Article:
I’ve always thought of hydrangeas as one of a gardener’s best friends – they’re reliable shrubs originating from Asia that are easy to grow, flower for simply ages into late autumn in many cases and just keep on going in the corner of the garden!
Anyone who has a hydrangea will know they’re the ultimate low-maintenance addition to a sunny or lightly shady area; they grow large, fill up a nice sizeable spot and really only need basic love and care.
Simply plant one with a nice helping of compost in its hole, then give it a feed of general fertiliser only once in spring to last the season and your job is done, apart from a flower head trim and a prune of any excess or weak stems in spring.
They’re such popular, well-known stalwarts of the garden and yet it’s funny how they always seem to turn heads every time we see one with a vast covering of pretty blooms. And always traditionally in a host of pink, white and blue shades. These days, the colour combinations available are superbly vibrant and zingy. Take the variety ‘Glam Rock’ for example, voted best new plant in 2014 with eye-catching neon-pink, purple and lime flowers.
If your tastes are rather more elegant, try a wonderful paniculata variety such as ‘Limelight’, which has pointed pyramid flower clusters of lime-green and white, which fade to pink. ‘Vanilla Fraise’ is a tasty treat too – almost literally, as its pink and white flower mounds look temptingly like raspberry ripple ice-cream as the weeks roll on!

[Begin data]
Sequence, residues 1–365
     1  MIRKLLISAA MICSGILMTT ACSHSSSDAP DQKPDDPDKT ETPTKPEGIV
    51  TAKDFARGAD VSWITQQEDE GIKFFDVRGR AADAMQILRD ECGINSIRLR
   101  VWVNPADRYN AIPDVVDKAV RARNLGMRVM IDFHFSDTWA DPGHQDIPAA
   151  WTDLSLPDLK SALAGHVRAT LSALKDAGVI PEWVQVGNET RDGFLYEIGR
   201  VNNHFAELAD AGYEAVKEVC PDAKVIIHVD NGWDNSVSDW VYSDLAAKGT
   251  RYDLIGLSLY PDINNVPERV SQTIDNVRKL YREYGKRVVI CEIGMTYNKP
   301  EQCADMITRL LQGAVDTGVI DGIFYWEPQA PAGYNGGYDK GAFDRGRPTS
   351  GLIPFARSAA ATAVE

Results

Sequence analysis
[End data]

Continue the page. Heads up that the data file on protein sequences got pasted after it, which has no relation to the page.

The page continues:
Hydrangeas have a charming quality that helps them stand out – their quirky colour-changing flowers. In late summer, as they age, sometimes the hue of what was your straightforward pink plant will have turned an interesting green or red, or your white one has turned pink! But the most fascinating example is to do with soil ph. Site your pink hydrangea in acidic soil and it will go bright blue. Leave it in more alkaline soil and it’ll stay pink. The very same plant can be side by side, one in a pot of ericaceous (lime-free) compost and the other in ordinary soil, and be completely different colours!
A good tip for once the late-season show is over is to leave the crispy flower heads on your hydrangea. You could cut a couple of stems for an indoor display, but leaving them on until spring will help protect against Jack Frost in the winter months.
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